Admission is free on Feb. 22 for George Washington’s birthday. Admission tickets will be distributed on-site upon arrival.

Quick Facts

Condition: Replica

Where is it Located

About the Slave Cabin

This replica building on the Farm shows the conditions under which much of Mount Vernon's enslaved laborers lived. The wooden cabin depicts the home of an enslaved family who lived at George Washington's Dogue Run Farm. Joe, a ditcher, lived in the greenhouse slave quarter on Mansion House Farm. His wife Priscilla, a field worker, lived in a cabin at Dogue Run Farm with their six children. Joe could only visit his family on Sundays and holidays. Sometimes he may have walked the three miles to Dogue Run after sunset, returning in time to begin work the next morning. Washington occasionally complained that his enslaved workers were fatigued from this “night walking” to visit their families.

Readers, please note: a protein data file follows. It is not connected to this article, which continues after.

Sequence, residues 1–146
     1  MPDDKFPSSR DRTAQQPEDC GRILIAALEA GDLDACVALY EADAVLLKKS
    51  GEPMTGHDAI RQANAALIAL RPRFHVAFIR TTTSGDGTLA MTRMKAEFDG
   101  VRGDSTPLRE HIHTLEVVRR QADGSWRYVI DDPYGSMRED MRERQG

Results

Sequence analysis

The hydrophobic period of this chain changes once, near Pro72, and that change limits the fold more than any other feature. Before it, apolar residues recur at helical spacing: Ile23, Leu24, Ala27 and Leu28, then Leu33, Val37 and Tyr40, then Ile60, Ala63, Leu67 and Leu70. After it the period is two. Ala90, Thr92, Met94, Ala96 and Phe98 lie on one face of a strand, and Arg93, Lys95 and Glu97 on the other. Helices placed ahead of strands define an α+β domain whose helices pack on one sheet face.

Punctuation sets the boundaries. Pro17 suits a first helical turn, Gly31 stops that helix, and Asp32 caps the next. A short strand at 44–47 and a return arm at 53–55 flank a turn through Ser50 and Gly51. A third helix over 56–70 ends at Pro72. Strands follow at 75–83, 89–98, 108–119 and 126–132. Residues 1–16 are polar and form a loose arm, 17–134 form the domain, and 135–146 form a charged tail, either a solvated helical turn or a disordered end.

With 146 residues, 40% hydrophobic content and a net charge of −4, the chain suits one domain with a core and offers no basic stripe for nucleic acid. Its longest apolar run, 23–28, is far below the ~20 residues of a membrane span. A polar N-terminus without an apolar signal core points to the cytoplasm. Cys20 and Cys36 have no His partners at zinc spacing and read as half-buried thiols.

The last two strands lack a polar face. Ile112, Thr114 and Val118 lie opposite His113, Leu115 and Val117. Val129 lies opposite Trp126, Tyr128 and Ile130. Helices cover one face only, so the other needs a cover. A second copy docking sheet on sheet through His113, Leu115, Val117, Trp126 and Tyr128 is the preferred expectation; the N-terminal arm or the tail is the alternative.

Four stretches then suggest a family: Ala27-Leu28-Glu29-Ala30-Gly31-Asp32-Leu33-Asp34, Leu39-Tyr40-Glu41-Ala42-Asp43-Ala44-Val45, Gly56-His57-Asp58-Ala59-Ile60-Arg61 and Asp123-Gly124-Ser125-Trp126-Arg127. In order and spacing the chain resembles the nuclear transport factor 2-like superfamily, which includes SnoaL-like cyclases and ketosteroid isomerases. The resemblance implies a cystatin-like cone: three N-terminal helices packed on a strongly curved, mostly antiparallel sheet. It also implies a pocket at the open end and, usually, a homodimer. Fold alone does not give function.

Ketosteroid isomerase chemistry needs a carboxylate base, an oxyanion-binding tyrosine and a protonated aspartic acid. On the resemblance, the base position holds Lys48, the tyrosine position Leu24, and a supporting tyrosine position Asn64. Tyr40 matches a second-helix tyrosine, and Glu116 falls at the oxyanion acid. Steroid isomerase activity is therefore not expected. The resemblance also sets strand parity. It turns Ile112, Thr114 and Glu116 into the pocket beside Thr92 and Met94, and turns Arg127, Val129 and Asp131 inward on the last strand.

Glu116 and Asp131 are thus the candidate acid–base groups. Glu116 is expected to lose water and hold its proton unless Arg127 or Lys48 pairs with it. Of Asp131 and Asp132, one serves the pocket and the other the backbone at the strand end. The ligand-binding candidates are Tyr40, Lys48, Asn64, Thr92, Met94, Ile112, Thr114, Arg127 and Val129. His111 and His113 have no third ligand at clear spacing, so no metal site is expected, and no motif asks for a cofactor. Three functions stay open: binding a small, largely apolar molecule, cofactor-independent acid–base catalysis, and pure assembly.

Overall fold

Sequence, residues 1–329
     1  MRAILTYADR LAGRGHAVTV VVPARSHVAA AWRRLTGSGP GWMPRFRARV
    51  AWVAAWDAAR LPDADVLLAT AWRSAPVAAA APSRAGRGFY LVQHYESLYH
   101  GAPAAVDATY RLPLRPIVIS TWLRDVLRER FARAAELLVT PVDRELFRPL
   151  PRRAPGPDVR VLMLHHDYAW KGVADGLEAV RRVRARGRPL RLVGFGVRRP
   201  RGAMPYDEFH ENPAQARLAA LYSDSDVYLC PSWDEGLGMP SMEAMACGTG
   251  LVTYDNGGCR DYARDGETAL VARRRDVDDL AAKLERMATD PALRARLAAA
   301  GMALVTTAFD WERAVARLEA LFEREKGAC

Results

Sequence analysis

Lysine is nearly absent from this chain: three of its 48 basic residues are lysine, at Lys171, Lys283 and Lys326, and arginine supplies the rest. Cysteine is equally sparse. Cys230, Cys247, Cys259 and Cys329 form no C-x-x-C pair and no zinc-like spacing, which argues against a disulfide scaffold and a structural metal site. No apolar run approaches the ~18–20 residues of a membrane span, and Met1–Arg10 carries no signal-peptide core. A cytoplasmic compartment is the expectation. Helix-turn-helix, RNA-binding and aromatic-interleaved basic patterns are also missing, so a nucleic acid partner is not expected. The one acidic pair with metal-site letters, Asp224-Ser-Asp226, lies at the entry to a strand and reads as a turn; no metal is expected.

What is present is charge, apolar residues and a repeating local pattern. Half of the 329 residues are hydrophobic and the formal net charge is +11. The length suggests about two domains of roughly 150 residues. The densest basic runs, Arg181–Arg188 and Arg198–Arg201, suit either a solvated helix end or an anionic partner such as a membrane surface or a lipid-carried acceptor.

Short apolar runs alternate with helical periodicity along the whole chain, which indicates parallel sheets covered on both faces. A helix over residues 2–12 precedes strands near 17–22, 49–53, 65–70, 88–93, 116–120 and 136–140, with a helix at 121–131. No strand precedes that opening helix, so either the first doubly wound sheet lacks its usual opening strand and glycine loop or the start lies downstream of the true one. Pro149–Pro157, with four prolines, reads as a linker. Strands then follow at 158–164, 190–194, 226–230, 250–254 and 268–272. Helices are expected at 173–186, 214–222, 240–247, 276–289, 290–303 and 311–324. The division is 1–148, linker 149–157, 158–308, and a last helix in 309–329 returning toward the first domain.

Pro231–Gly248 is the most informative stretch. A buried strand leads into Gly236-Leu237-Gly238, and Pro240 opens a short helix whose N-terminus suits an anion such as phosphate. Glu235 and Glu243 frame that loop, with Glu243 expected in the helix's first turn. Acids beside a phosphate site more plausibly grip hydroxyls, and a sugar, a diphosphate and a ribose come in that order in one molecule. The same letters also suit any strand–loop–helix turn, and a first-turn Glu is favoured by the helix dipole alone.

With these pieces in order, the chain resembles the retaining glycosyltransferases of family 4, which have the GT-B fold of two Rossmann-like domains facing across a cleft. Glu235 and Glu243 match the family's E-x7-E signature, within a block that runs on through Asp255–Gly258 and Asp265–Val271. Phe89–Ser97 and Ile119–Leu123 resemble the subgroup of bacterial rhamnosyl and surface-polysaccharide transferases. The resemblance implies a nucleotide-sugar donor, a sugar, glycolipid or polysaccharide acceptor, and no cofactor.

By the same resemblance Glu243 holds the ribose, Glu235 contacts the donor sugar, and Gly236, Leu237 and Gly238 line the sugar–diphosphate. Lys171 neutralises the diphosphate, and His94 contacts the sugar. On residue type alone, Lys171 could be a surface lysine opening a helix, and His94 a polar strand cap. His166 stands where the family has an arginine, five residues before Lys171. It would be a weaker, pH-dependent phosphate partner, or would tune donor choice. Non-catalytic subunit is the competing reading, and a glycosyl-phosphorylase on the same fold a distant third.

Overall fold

Firsthand accounts indicate that the cabins were sparsely furnished and that the adults slept on a bed described as a “mean-pallet.” A small table and some cooking utensils, as well as some clothing and blankets, would be present. The floor was clay, and the hearth provided the family with a cooking area, heat, and light.

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Estate Hours

9 a.m. to 4 p.m.

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